These recipes also do not need to be complex to offer relief. Kocet emphasizes how “You could mindfully make a peanut butter and jelly sandwich and get the same benefit.” (Eating Well) The aim of cooking as a relaxation tool is to cook “without any chaos or pressure.” (Eating Well)

Part of the reason why activities like reading and cooking help soothe any anxiousness is due to the flow state you enter while performing it. Flow is what Ashley Stahl summarizes as “the state you get in when you’re completely absorbed in something.” (Forbes) We often enter this zone when we participate in a creative activity. Tapping into our creative side stimulates our cognitive function, and in turn, calms our thoughts by submerging them into a pool of leisure that “reduces anxiety, boosts your mood, and even slows your heart rate.” (Forbes)

Stahl expounds on how producing something or seeing progress on a project causes dopamine, the reward or motivational hormone, to release in your brain. (Forbes) The act of creation literally inspires you to keep returning to it, all while improving your mental health and adding another relaxation outlet simultaneously. Outside of reading and cooking, other types of creative hobbies you can do are writing, drawing, painting, embroidery, knitting, sewing, pottery – the list goes on and on!

Active Leisure: Physical

As important as it is to get activate our imagination through creative hobbies, it is equally as vital to introduce daily body movement. Physical exercise puts the “active” in active leisure. As most people know, working out is beneficial to your overall mental and physical health. In a study done by the American Psychological Association, they found that 62% of people claim exercise is an effective method of managing stress. (American Psychological Association) In comparison, only “29 percent of those who go online to manage stress and 33 percent of those who watch TV or movies to manage stress say these techniques are very or extremely effective.” (American Psychological Association) Exercise alleviates stress by releasing “feel-good neurotransmitters, called endorphins,” a hormone in your brain that causes euphoria and acts as a natural pain reliever. (Mayo Clinic)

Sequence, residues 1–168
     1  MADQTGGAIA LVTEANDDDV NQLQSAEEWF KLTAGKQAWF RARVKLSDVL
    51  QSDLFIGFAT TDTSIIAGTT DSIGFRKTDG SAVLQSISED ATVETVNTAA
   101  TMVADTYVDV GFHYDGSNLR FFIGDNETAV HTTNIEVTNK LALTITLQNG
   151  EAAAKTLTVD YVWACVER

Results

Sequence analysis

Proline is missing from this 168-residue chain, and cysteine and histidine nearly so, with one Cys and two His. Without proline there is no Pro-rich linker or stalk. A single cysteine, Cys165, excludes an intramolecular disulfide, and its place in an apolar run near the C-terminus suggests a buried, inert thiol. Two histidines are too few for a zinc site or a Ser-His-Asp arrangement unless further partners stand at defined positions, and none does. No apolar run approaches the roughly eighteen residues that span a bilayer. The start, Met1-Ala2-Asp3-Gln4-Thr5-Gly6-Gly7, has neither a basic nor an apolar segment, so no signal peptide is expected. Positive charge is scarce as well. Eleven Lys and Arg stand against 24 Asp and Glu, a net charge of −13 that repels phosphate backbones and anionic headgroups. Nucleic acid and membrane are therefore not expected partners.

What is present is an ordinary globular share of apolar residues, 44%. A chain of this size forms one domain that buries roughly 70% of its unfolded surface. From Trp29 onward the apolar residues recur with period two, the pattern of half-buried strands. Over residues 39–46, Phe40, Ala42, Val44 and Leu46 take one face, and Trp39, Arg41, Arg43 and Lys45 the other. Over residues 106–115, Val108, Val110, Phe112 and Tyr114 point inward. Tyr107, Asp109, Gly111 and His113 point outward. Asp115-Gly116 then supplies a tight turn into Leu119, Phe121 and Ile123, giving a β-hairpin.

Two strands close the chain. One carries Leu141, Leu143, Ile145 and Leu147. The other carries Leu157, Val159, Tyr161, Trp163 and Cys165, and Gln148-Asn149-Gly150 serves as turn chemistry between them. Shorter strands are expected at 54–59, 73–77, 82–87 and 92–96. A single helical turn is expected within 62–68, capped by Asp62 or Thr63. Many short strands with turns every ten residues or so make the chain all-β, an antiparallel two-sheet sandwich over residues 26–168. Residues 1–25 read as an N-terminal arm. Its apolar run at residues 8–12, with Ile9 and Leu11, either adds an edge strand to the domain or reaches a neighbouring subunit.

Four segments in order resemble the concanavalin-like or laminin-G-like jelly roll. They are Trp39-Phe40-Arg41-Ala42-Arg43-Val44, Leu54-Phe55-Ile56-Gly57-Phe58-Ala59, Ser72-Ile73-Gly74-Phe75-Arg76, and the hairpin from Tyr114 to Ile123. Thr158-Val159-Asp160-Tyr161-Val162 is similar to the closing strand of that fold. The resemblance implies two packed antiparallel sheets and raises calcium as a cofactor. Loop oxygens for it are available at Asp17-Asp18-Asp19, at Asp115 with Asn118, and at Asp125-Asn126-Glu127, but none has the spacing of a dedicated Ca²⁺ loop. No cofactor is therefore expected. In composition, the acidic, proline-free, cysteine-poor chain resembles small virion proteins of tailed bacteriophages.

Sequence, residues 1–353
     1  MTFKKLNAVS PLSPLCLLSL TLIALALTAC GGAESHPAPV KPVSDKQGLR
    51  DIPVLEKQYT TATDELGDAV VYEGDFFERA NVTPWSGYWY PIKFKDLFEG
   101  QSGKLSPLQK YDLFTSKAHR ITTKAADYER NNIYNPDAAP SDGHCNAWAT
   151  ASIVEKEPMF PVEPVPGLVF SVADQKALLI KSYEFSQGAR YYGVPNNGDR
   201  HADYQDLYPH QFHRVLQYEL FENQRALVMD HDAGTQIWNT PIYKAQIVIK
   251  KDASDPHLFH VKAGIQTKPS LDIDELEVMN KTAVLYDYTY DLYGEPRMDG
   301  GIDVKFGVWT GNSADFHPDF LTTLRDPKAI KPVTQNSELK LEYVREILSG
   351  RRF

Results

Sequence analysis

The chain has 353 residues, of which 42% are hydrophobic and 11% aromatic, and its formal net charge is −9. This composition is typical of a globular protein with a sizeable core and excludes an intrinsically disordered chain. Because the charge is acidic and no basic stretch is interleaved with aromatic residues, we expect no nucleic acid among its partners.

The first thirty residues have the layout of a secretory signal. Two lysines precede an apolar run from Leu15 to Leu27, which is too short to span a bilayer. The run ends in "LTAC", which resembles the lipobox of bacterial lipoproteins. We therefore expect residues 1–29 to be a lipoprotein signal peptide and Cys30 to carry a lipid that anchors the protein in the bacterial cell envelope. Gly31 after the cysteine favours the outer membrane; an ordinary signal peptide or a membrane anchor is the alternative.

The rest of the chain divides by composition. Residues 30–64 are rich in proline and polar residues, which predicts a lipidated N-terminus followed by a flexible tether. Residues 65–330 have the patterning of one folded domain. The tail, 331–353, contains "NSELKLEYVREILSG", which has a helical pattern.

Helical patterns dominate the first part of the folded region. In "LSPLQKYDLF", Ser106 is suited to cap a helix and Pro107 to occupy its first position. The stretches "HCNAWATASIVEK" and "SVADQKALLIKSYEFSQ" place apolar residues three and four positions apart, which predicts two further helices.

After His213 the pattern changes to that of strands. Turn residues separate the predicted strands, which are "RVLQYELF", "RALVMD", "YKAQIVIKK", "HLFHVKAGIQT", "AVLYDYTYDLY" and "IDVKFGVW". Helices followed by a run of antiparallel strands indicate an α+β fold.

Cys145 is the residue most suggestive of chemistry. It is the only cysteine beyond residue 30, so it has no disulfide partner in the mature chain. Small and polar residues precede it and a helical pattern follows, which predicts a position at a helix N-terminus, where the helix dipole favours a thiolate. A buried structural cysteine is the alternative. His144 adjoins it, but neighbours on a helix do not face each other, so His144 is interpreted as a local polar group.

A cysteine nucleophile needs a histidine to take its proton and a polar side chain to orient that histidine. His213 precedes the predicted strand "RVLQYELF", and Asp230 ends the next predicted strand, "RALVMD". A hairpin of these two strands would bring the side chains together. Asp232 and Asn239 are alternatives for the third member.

In order to attain this, one should aim for at least 30 minutes of exercise a day. (Mayo Clinic) A common misconception about exercise is that it needs to involve a gym, intense movements, and weightlifting, plus an hour or more of your free time. When in reality, it can be as simple as walking, biking, yoga, or bodyweight strength training. (Mayo Clinic)

Exercise can easily be compounded with outdoor leisure. One of the many things the pandemic has taught us is the importance of being in nature and the positive impact it has on our mental and physical health. Fresh air is beneficial to our well-being, even in the middle of winter! Letting vitamin D soak into your skin in either frigid or warm conditions, strengthens your immune system and enhances your mood (there are those endorphins again!). (Intermountain Healthcare)

There are even studies that support how going outside lowers the amount of cortisol, also known as the stress hormone, in your body. (Intermountain Healthcare) REI, an outdoor gear company, suggests that people devote at least two hours a week to outdoor activity. (REI)

The next time you come home from an exhausting day at your facility or hospital, try switching out 30 minutes of television for 30 minutes of reading. Exchange two hours of playing video games with walking at a local park. These simple changes may transform the way you approach relieving stress or tension in everyday life.

Interested in contributing to the Krucial Kollective? Send us an e-mail at marketing@krucialrr.org and let us know what you would like to write!

While these outlets do help us decompress, heavily relying on these inactive past times to unwind does little to benefit our mental and physical health in the long term.